History

Our corporate philosophy of “turning science into solutions“ stands for what Sartorius has been accomplishing for over 140 years day in, day out: Utilizing the latest scientific expertise to manufacture innovative products. It all started at the University of Goettingen when former “university mechanician” Florenz Sartorius laid the cornerstone for the company. In 1870, Sartorius went into business by setting up his precision mechanical workshop, "Feinmechanische Werkstatt F. Sartorius." His pioneering invention – the short-beam analytical balance – revolutionized work in research labs.

In 1927, together with the chemistry Nobel Prize Laureate Richard Zsigmondy, Sartorius established the limited liability company “Membranfiltergesellschaft mbH”. The membranes invented by Zsigmondy were the basis for the development of membrane filtration – and for today’s bioprocess business at Sartorius. Even to this day, weighing and filtration are the core technologies within Sartorius’s wide product array.

1870

The Goettingen "university mechanician" Florenz Sartorius founds the fine-precision machine company called "Feinmechanische Werkstatt F. Sartorius" and starts producing short-beam analytical balances.

1922

Richard Zsigmondy, chemist and physicist as well as Nobel Prize laureate in 1925, invents the membrane filter in 1918 and the "cold ultrafilter”. These filters serve as the basis for commercial-scale production of Sartorius separation and filter technology products.

1948

At the recommendation of Otto Hahn (chemist and Nobel Prize winner in 1944 and President of the Max-Planck Institute in Goettingen), Sartorius commences industrial-scale manufacture of hydrodynamic bearings.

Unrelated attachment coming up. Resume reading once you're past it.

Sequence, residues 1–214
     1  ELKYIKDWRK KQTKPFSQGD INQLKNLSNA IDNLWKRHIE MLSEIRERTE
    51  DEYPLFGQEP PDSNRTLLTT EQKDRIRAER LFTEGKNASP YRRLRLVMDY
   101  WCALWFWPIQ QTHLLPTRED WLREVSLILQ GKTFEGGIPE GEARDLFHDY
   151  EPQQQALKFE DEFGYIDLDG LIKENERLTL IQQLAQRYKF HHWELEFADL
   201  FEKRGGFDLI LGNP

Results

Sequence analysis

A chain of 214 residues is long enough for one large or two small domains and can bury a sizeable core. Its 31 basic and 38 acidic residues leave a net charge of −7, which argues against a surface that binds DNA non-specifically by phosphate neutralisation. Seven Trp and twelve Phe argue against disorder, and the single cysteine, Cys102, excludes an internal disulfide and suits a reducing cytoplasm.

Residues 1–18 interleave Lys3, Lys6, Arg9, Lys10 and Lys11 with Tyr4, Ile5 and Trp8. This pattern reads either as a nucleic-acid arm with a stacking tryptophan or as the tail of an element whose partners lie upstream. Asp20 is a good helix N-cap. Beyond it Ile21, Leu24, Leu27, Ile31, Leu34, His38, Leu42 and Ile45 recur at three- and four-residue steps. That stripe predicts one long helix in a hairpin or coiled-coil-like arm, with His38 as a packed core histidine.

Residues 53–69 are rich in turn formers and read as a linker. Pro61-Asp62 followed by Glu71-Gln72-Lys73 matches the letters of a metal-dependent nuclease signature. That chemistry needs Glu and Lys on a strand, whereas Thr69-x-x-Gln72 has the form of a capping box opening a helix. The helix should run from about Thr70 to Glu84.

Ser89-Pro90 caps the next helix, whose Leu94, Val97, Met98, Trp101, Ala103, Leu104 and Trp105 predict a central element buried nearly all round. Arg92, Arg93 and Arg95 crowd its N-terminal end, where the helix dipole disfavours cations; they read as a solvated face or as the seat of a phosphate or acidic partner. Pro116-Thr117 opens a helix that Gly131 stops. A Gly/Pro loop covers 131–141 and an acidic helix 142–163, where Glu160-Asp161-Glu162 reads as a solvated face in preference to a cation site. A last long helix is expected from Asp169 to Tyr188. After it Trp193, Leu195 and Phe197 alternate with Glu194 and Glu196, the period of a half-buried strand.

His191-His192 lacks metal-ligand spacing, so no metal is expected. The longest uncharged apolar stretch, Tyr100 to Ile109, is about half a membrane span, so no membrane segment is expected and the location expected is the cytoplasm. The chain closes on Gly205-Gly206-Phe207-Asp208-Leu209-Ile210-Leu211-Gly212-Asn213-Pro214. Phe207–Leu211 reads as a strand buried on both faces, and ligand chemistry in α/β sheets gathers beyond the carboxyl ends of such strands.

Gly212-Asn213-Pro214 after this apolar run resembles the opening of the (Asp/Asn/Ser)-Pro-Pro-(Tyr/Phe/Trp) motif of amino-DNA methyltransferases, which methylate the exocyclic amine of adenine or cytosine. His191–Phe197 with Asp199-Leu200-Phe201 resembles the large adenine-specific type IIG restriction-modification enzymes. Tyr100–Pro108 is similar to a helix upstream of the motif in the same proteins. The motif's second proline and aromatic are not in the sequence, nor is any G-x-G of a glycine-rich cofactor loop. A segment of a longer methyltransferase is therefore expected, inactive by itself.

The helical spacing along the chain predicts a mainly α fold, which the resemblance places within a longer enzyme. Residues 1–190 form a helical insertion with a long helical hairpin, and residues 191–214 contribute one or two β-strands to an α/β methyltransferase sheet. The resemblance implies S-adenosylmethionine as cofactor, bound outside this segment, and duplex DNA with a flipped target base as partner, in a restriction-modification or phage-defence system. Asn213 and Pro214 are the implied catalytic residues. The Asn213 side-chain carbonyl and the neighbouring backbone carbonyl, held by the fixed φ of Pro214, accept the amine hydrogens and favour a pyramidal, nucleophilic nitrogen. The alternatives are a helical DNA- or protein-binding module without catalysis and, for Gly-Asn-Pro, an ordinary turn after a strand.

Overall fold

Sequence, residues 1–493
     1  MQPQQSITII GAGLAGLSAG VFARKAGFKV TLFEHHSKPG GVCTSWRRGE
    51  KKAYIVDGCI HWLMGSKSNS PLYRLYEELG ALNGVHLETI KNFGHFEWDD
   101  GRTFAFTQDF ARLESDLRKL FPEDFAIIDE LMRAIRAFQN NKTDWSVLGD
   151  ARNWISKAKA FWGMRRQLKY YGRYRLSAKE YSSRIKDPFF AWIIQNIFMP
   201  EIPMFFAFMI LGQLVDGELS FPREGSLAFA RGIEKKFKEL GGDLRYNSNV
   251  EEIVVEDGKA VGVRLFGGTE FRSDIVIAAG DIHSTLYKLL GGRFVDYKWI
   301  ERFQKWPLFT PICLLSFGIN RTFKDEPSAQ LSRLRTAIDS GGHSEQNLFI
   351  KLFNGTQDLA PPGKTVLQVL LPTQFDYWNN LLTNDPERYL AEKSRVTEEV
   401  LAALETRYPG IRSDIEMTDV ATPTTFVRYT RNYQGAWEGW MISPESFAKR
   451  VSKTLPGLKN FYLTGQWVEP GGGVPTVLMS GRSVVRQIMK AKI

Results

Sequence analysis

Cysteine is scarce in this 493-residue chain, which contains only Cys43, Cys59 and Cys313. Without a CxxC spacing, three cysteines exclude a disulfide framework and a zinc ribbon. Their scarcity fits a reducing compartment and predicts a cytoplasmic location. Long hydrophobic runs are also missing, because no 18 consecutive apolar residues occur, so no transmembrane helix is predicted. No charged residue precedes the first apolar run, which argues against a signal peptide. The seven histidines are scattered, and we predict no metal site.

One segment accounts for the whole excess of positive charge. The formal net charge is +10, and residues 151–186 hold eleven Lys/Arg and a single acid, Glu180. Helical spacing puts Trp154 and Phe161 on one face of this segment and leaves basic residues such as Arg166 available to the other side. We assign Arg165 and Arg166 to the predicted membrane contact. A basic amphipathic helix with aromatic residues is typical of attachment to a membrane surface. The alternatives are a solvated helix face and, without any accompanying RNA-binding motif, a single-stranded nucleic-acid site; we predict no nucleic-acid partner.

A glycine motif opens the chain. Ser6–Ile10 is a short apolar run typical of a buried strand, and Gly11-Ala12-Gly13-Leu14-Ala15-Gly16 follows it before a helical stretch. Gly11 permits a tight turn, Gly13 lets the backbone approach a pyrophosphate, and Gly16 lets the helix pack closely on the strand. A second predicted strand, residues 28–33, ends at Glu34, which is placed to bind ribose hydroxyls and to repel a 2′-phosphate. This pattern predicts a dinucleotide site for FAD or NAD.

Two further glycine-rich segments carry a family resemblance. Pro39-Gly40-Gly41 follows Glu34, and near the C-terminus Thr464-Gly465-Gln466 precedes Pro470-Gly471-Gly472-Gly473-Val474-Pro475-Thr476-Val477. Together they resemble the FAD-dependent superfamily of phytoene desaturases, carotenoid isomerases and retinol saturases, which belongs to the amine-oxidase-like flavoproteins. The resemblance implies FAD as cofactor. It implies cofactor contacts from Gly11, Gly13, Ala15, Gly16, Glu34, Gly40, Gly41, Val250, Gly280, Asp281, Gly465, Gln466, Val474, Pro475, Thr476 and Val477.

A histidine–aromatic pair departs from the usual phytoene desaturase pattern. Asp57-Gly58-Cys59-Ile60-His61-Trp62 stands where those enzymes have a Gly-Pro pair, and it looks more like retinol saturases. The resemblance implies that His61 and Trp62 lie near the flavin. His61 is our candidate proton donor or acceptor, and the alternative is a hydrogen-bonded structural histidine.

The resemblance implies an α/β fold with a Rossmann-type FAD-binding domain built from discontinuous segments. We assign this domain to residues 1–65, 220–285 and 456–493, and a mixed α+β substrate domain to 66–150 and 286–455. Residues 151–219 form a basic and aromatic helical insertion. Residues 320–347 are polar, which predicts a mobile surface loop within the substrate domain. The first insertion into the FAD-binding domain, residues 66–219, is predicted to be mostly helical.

1955

The first microbalance for weighing under normal atmospheric conditions is introduced.

1960

Sartorius uses the first machine for automatic manufacture of synthetic membrane filters. As part of its global expansion, Sartorius establishes a growing number of international subsidiaries and sales offices.

1963

The cellulose acetate membrane is introduced as a carrier matrix for electrophoresis.

1964

The first laboratory balances with an analog output debut.

1969

The first plate-and-frame crossflow ultrafiltration system for relatively large volumes premieres.

1970

Sartorius builds the first electronic precision and analytical balances. The resulting boom in orders leads to the founding of numerous foreign subsidiaries, and contributes decisively to the significance of the Sartorius Group today.

1971

The first nanogram balance sets the world record for the most precise weighing. This balance is used to weigh the moon rocks that astronaut Neil Armstrong brought back to Earth from his expedition.

1972

The first compact analytical balance with a digital, electronic weight display, stability control and digital output (BCD) is launched.

1975

A precision balance featuring microprocessor electronics (Intel4004) premieres.

1976

The first autoclavable, integrity-testable filter cartridge with a pleated membrane filter is unveiled.

1977

The first fully electronic analytical balance with microprocessor electronics is launched.

1979

The first toploading analytical balance (160 g) is presented.

1982

The first explosion-protected version of an electronic precision balance in the world makes its debut.

1983

The first automatic unit for integrity testing of membrane filter systems is launched.

1988

The first electronic toploading microbalance is presented.

1989

The first large-area filter cartridge with progressively finer, targeted filtration (Jumbo cartridge) is unveiled.

1990

The first electronic laboratory balance series featuring MC1 technology is introduced.
Sartorius AG goes public.

1996

The world's first ultra-microbalance debuts with a weighing capacity featuring a resolution of 21 million digits and an accuracy of 0.1 µg.

1997